GBTA Says Government Shutdown Puts Business Travel at Risk

business travelerAmerica’s economy can’t grow without a reliable system supporting business travel, says the Global Business Travel Association (GBTA), in reaction to today's partial government shutdown. In a statement GBTA Executive Director and COO Michael W. McCormick said, "Enough is enough. The United States must remain open for business.”

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"U.S. business travel spending is expected to reach more than $273 billion this year, finally surpassing pre-recession levels. But a government shutdown will have rippling effects through the economy and severely impact the business travel industry. Every business trip cancelled results in permanently lost travel industry revenues, decreased future employment rates and lost economic benefit to our country," McCormick said.  

"The business travel industry is among the first impacted by a shutdown. For example, the government’s inability to issue passports and visas will result in cancelled trips and lost business opportunities. During the 1996 shutdown, hundreds of thousands of passports went unissued and tens of thousands of visa applications went unprocessed," he said.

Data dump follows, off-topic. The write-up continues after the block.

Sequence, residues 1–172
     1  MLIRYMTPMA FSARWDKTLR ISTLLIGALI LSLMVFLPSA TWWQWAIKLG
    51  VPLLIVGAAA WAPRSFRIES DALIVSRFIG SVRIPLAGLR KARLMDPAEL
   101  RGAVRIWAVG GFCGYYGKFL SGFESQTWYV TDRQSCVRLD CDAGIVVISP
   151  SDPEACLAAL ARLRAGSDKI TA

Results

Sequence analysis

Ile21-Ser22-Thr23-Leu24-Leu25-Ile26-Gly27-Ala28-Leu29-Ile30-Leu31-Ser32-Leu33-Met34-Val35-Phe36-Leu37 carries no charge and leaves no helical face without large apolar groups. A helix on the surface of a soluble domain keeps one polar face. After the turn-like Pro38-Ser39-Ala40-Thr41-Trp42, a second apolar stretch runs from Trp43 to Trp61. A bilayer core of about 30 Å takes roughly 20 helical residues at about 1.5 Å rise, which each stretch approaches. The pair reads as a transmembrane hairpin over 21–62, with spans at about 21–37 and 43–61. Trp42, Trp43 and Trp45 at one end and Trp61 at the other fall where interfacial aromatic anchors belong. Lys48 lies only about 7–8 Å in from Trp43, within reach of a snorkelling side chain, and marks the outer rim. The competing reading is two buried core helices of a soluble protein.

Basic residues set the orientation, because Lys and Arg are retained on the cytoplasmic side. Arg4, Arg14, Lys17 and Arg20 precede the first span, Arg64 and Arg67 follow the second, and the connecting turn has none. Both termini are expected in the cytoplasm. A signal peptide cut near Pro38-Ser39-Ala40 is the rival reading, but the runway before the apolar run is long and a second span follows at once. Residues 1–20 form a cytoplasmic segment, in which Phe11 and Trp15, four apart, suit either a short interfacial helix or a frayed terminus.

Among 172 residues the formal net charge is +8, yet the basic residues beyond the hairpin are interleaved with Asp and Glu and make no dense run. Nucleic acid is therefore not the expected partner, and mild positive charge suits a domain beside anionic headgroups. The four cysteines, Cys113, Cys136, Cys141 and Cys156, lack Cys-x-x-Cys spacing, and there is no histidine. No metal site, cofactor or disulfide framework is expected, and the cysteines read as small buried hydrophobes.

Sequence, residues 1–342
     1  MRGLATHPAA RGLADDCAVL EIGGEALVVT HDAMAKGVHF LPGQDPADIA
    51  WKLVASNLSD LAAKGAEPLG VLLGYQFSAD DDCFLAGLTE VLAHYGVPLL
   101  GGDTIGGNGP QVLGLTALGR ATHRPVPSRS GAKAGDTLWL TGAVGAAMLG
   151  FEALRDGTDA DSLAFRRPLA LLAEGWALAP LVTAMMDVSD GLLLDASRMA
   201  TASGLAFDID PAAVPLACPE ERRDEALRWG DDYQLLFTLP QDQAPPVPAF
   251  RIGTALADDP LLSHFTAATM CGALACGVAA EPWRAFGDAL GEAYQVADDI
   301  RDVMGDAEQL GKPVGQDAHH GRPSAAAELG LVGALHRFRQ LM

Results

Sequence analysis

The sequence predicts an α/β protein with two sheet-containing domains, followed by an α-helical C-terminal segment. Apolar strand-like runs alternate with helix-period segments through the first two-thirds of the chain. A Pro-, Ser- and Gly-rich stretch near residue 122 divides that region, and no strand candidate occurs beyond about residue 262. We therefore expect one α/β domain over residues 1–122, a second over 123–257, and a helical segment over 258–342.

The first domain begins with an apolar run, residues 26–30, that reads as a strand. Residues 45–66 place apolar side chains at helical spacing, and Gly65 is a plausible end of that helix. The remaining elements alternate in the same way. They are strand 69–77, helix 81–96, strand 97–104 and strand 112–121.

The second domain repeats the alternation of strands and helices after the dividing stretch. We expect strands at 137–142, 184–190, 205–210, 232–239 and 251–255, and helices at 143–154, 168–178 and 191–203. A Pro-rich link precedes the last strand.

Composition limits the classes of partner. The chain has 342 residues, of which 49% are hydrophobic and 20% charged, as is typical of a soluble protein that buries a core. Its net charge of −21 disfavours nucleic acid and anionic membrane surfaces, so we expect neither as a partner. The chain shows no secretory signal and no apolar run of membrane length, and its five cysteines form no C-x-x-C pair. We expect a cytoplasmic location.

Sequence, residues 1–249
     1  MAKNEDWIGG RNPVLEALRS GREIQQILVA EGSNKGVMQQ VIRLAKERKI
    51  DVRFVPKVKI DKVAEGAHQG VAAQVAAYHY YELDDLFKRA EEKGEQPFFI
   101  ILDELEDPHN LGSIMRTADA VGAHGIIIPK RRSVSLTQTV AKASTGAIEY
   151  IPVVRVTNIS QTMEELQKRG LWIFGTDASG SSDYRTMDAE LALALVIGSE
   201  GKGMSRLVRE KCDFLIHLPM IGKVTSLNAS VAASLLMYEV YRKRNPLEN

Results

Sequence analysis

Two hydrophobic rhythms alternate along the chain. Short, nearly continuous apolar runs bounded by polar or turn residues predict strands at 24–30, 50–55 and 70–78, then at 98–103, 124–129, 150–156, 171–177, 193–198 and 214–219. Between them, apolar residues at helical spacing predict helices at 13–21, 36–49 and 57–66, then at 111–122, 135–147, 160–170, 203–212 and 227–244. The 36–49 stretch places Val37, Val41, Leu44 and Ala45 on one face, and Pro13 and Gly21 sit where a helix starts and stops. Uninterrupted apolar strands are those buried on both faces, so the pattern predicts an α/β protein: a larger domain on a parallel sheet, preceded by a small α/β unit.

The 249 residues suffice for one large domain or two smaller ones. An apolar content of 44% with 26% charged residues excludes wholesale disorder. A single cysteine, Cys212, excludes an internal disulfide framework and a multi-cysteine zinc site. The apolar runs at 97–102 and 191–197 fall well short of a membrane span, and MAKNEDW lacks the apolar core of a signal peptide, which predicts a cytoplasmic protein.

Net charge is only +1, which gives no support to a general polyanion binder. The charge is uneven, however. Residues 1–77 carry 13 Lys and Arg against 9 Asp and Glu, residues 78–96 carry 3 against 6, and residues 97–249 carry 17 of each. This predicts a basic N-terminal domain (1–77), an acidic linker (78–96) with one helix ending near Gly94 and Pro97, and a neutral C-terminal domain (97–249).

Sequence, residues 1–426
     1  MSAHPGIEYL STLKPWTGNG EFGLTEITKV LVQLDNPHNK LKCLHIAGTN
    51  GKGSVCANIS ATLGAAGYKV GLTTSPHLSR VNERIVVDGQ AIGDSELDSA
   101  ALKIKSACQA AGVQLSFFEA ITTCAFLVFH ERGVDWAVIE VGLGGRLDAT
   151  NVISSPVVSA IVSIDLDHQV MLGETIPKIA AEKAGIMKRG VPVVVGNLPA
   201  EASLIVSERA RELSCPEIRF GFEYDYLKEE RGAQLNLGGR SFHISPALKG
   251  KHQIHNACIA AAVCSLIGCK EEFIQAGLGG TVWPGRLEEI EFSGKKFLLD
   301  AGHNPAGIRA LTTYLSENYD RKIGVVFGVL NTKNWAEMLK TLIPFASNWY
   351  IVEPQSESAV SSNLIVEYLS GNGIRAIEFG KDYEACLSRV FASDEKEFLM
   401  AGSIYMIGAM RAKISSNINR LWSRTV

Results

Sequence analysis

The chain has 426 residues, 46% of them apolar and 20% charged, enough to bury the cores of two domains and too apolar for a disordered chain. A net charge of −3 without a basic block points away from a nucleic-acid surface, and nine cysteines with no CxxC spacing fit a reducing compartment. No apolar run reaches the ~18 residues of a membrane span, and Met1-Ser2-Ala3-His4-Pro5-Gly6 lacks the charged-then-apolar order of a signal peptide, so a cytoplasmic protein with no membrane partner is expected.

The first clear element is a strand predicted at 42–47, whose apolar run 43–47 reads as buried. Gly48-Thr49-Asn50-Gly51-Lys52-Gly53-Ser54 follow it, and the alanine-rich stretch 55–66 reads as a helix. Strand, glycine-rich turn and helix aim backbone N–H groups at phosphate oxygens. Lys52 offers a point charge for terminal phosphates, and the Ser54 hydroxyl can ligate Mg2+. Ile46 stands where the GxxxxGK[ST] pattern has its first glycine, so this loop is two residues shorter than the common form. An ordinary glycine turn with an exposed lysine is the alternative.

"If the shutdown is extended, overseas businesses will lose confidence and put U.S. investment plans on hold. The international community will reconsider decisions to grow business here and whether to hold meetings and conferences in U.S. cities that rely on that economic benefit. Each inbound international business trip increases U.S. merchandise exports to the visited country by $36,000 per year and each overseas traveler spends approximately $5,000 when they visit," McCormick said.

"Unfortunately, like the sequestration earlier this year, this standoff is using business travel as a bargaining chip. This self-destructive government shutdown will result in lost productivity, lost business opportunities and lost revenue," McCormick said.


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